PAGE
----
Texas' 2021 Abortion Ban Tied to Rise in Infant Deaths

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Key Takeaways

  • Texas enacted a ban on abortions in 2021, and new data suggests that infant deaths rose soon after

  • Deaths linked to birth defects rose especially sharply a year after the ban

  • Experts worry the Texas data is but a harbinger of national trends to come, following the 2022 Dobbs decision

MONDAY, June 24, 2024 (HealthDay News) -- Following state legislation passed in 2021 that essentially banned abortion in Texas, the rate of infant deaths rose by almost 13%, compared to a much smaller 1.8% rise nationwide, a new study finds.

The number of Texan babies whose deaths were specifically linked to birth defects also jumped by 22.9% in 2022, the year after the ban was put in place. In the rest of the United States, such deaths declined by 3.1% over the same time period, according to researchers at Johns Hopkins University in Baltimore.

The findings may have relevance beyond Texas following the July 2022 Supreme Court decision overturning Roe v. Wade.

"The [study] results suggest that restrictive abortion policies may have important unintended consequences in terms of trauma to families and medical cost as a result of increases in infant mortality," said researchers led by Alison Gemmill. She's an assistant professor of population, family and reproductive health at Hopkins.

The findings were published June 24 in the journal JAMA Pediatrics.

In their study, Gemmill's group look at data on all recorded infant deaths from the state of Texas and 28 comparison states for the years 2018 through 2022. They zeroed in on the period between March through December of 2022, because it was during this period when fetuses and newborns would first have been subject to the 2021 Texas abortion ban.

Overall, "an excess of 216 infant deaths" were recorded in Texas between March and December of 2022, Gemmill's team reported.

The sharp rise in deaths linked to birth defects was particularly troubling, the researchers said.

"Deaths involving congenital malformations, which are the leading cause of infant mortality in the U.S. and account for more than 1 in 5 infant deaths, may increase due to forced continuation of pregnancies involving defects or other anomalies," they wrote.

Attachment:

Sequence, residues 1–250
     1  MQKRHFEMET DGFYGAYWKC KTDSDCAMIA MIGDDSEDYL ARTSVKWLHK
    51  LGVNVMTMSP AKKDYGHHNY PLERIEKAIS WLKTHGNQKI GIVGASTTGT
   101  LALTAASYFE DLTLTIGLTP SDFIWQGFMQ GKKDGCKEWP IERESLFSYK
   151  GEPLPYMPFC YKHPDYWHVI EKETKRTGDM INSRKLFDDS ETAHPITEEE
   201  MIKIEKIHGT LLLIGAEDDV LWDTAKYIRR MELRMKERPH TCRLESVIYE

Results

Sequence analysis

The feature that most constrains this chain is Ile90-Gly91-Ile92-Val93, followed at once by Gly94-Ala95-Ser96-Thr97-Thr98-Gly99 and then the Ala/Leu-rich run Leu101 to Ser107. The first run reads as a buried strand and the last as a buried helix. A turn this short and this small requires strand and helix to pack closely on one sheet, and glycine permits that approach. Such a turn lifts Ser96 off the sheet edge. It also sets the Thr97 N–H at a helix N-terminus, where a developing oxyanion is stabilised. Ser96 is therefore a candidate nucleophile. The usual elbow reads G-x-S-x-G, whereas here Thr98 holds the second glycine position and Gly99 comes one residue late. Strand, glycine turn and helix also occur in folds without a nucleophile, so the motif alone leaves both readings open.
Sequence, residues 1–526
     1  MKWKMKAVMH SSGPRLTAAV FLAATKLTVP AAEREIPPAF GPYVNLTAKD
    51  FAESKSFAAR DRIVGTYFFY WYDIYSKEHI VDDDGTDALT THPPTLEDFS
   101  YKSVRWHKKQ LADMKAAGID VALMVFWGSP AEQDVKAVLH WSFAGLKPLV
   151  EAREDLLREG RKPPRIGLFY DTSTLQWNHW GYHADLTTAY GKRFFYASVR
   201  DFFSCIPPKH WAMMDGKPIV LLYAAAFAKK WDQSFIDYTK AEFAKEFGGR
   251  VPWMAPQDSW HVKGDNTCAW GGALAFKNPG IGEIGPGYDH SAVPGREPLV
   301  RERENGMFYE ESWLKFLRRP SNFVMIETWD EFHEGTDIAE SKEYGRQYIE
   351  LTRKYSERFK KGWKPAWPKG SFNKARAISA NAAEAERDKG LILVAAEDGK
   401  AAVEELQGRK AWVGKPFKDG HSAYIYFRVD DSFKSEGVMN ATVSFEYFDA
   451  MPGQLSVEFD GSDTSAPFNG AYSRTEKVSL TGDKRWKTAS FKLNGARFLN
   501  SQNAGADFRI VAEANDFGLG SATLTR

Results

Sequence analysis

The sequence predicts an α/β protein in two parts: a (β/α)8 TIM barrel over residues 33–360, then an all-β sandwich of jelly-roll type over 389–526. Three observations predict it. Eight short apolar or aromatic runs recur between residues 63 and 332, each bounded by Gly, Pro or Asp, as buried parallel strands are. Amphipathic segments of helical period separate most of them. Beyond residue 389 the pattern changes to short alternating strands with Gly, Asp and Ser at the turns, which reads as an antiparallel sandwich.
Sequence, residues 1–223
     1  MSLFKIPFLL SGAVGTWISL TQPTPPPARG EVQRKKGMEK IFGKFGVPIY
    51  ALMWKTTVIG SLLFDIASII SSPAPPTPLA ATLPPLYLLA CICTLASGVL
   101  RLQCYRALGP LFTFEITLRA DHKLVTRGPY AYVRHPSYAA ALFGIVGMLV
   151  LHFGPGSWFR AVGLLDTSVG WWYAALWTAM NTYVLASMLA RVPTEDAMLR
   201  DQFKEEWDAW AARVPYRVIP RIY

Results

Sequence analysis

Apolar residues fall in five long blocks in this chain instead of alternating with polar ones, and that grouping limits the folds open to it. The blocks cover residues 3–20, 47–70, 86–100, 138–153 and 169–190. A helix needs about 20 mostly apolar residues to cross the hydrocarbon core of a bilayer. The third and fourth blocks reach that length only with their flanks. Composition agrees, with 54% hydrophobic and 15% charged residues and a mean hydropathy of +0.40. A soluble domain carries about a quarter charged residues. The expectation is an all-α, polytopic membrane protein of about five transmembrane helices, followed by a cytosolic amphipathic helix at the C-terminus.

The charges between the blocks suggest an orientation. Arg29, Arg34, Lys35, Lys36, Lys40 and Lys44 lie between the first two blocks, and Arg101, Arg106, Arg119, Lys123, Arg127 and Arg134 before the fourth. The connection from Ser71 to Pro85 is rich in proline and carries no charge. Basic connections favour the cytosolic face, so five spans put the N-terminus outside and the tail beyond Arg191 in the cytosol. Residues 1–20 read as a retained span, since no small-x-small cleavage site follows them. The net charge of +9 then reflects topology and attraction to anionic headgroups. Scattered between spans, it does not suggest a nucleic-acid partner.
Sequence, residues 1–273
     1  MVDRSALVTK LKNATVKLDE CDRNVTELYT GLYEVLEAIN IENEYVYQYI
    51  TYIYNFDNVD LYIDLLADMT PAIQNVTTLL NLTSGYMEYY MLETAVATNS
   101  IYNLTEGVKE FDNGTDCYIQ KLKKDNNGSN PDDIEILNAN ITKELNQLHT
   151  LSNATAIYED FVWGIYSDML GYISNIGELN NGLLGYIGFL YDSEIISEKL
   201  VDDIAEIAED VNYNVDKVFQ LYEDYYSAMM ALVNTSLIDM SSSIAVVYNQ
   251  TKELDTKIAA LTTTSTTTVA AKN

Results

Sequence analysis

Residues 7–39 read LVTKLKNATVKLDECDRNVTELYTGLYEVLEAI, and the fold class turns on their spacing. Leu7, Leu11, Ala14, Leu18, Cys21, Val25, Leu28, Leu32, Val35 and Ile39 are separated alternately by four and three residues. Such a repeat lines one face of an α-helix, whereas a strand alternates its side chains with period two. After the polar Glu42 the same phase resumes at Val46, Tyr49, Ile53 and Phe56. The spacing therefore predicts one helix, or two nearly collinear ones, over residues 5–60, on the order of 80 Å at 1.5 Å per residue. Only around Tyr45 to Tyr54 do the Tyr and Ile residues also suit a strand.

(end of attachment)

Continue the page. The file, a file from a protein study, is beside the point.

Forcing women to carry through with an unwanted pregnancy may also raise financial and emotional stressors, especially among poorer, less advantaged groups, "all of which may increase exposure to known risk factors for infant mortality," Gemmill and colleagues wrote.

In a linked journal editorial, three experts in reproductive and child health said the Texas study "adds to the growing body of literature documenting the direct harms inflicted on our communities by abortion bans."

Dr. Ghazaleh Moayedi and Aketch Osamb, of Pegasus Health Justice Center in Dallas, and Dr. Atsuko Koyama, of the University of Arizona in Phoenix, say other data shows the 2021 ban in Texas is harming women and their babies.

"Researchers from 2 Dallas hospitals, including one of the busiest labor and delivery units in the country, illustrate a significant increase in maternal morbidity [illness] with subsequent poor fetal outcomes" soon after the ban was enacted, they wrote.

And they believe the new study is just a harbinger of things to come nationally.

"In the coming years, as more people continue to be harmed by abortion bans across the country, we anticipate that more research will illuminate what Texans already know to be true: abortion bans harm everyone," the experts said.

More information

To find out more about neonatal birth defects, head to the Cleveland Clinic.

SOURCE: JAMA Pediatrics, June 24, 2024

What This Means For You

Texas' ban on abortions in 2021 may be leading to an unintended consequence: More infant deaths.

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